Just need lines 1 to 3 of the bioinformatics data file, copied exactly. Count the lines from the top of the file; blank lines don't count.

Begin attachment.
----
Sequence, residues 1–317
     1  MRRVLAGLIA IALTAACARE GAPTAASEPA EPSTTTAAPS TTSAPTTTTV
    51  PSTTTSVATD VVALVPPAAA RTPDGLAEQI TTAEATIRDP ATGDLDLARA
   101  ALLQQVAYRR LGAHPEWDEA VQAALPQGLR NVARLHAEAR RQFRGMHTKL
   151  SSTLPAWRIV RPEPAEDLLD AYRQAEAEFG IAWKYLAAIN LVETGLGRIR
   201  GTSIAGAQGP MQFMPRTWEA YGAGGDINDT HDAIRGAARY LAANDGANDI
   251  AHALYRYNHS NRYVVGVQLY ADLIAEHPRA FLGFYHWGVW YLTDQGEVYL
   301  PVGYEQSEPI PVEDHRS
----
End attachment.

Sequence, residues 1–317
     1  MRRVLAGLIA IALTAACARE GAPTAASEPA EPSTTTAAPS TTSAPTTTTV
    51  PSTTTSVATD VVALVPPAAA RTPDGLAEQI TTAEATIRDP ATGDLDLARA